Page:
A 7-year-old neutered male Siamese cat was referred for investigation of weight loss and hypercalcaemia (3.3 mmol/l; reference interval 2–3 mmol/l). Haematology, serum biochemistry, thoracic imaging, bronchoalveolar lavage (BAL), Ziehl–Neelsen staining of the BAL fluid and interferon gamma release assay (IGRA) were compatible with pneumonia caused by the less pathogenic member of the Mycobacterium tuberculosis complex, that is, M microti (the ‘vole bacillus’), which is common in cats in the UK. Treatment with azithromycin, rifampicin and marbofloxacin was given for 2 months, followed by 4 months of azithromycin and marbofloxacin. Treatment recommendations for tuberculous pneumonia have since changed. The cat remained asymptomatic for 1 year but went on to develop M microti pneumonia on five other occasions, and was treated for 6–12 months on each occasion. The patient’s clinical signs, hypercalcaemia and radiographic/CT pulmonary pathology always resolved completely, and the IGRA became negative, before antimycobacterial treatment was stopped. This suggests cure followed by reinfection owing to avid hunting behaviour. Alternatively, this could represent recrudescence of dormant disease. This case has previously been included in a study that described a series of cases of feline tuberculosis.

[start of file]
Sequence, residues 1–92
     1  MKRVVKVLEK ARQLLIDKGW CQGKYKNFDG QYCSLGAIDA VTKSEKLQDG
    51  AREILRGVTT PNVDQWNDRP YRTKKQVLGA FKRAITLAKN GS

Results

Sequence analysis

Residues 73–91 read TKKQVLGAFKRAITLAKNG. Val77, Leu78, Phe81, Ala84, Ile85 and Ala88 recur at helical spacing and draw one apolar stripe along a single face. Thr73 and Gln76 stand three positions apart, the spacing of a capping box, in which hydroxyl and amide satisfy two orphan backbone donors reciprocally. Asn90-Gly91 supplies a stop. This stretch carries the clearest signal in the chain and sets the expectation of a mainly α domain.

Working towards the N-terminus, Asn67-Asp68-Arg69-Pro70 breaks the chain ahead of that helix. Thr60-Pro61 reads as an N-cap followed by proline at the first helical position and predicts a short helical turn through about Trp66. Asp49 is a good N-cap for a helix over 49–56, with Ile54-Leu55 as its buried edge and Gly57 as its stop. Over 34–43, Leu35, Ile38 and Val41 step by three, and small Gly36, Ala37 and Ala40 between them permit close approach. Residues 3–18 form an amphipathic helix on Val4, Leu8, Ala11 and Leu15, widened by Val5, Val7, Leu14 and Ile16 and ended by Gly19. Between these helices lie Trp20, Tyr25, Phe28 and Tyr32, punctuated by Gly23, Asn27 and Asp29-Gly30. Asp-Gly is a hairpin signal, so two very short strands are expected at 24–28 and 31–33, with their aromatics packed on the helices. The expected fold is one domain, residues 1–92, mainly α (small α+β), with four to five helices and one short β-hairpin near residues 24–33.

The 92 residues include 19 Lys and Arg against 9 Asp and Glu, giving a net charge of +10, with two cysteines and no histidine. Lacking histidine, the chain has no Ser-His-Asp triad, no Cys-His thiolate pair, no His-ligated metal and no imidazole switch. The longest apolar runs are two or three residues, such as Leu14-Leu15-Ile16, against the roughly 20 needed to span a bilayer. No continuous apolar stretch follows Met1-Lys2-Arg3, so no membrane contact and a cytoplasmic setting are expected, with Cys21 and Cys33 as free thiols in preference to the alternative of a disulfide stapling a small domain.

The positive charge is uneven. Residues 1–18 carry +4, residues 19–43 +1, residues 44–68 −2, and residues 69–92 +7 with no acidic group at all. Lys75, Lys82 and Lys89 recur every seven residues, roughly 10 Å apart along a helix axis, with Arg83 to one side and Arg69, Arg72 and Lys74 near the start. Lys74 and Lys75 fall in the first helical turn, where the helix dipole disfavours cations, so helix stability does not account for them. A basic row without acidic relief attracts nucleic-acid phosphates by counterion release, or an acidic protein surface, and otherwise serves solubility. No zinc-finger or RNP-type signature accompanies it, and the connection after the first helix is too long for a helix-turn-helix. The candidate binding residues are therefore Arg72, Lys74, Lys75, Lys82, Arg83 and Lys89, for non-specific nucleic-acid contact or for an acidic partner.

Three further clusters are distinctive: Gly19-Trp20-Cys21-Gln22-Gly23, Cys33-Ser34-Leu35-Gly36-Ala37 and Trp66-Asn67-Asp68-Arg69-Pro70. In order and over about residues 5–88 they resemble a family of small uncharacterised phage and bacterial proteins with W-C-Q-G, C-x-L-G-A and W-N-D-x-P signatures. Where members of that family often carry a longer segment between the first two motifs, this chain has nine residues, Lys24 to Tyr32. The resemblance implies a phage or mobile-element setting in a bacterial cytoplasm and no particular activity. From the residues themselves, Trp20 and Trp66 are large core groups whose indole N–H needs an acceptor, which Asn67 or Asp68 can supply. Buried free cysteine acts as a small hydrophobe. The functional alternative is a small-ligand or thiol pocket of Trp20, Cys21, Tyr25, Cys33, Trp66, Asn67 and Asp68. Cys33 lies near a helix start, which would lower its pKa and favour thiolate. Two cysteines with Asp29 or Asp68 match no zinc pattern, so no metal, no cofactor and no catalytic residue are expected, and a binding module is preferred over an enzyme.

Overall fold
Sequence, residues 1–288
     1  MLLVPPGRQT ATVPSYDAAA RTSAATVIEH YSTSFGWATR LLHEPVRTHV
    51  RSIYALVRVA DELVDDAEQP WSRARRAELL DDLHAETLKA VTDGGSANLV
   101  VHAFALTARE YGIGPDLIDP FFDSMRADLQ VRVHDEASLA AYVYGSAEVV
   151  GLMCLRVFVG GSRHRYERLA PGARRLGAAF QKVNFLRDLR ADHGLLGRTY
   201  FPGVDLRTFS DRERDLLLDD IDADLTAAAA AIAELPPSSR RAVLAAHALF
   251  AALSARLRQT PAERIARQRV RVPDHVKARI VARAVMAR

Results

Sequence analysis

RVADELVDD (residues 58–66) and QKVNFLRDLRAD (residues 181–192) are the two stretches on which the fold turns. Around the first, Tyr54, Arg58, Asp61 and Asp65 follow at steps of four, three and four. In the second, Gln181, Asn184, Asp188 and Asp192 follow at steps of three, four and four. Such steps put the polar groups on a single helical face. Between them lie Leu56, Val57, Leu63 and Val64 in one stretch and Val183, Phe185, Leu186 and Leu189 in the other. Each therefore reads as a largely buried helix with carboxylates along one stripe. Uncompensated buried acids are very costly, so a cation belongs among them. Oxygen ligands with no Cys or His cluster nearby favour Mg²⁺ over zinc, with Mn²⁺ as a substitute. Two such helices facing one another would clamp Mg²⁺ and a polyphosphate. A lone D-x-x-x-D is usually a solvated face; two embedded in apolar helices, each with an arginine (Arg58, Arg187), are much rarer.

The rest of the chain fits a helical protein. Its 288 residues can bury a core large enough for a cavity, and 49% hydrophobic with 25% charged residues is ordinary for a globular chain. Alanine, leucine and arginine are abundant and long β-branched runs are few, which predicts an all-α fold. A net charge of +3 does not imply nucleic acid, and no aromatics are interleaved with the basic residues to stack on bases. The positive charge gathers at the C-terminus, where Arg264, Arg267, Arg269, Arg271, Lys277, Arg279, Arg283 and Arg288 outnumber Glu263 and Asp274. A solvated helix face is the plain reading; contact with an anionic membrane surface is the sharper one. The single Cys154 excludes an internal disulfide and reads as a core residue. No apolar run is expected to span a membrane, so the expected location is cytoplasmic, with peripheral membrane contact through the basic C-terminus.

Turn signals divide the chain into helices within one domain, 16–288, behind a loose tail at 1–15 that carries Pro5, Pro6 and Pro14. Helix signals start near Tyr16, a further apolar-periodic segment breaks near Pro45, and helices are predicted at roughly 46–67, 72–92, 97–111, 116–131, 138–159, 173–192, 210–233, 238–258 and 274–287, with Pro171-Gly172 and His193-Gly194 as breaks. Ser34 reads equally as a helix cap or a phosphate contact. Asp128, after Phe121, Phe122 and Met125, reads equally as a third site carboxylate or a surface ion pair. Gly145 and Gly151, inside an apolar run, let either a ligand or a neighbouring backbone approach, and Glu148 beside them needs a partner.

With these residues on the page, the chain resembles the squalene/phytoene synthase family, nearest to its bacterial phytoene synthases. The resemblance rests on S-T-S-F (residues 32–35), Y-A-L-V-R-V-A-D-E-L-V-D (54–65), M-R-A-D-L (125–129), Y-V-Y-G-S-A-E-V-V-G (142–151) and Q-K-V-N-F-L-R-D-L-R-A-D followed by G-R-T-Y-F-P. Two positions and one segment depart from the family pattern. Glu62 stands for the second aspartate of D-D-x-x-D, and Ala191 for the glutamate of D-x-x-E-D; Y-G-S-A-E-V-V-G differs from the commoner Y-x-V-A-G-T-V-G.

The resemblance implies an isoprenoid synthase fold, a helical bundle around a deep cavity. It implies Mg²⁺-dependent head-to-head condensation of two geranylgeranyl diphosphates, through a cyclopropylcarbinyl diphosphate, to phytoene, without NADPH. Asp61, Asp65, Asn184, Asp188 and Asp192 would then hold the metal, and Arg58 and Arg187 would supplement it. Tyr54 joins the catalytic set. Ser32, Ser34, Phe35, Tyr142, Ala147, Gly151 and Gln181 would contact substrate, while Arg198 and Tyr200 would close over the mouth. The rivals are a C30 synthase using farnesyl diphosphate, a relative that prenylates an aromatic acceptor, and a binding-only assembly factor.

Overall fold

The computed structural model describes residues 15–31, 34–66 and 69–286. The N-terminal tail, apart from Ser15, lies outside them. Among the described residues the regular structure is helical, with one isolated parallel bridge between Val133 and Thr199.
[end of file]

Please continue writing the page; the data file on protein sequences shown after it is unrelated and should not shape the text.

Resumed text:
|Journal||Journal of Feline Medicine and Surgery Open Reports|
|Early online date||11 Apr 2021|
|Publication status||E-pub ahead of print - 11 Apr 2021|
- M. microti
- Mycobacterium tuberculosis complex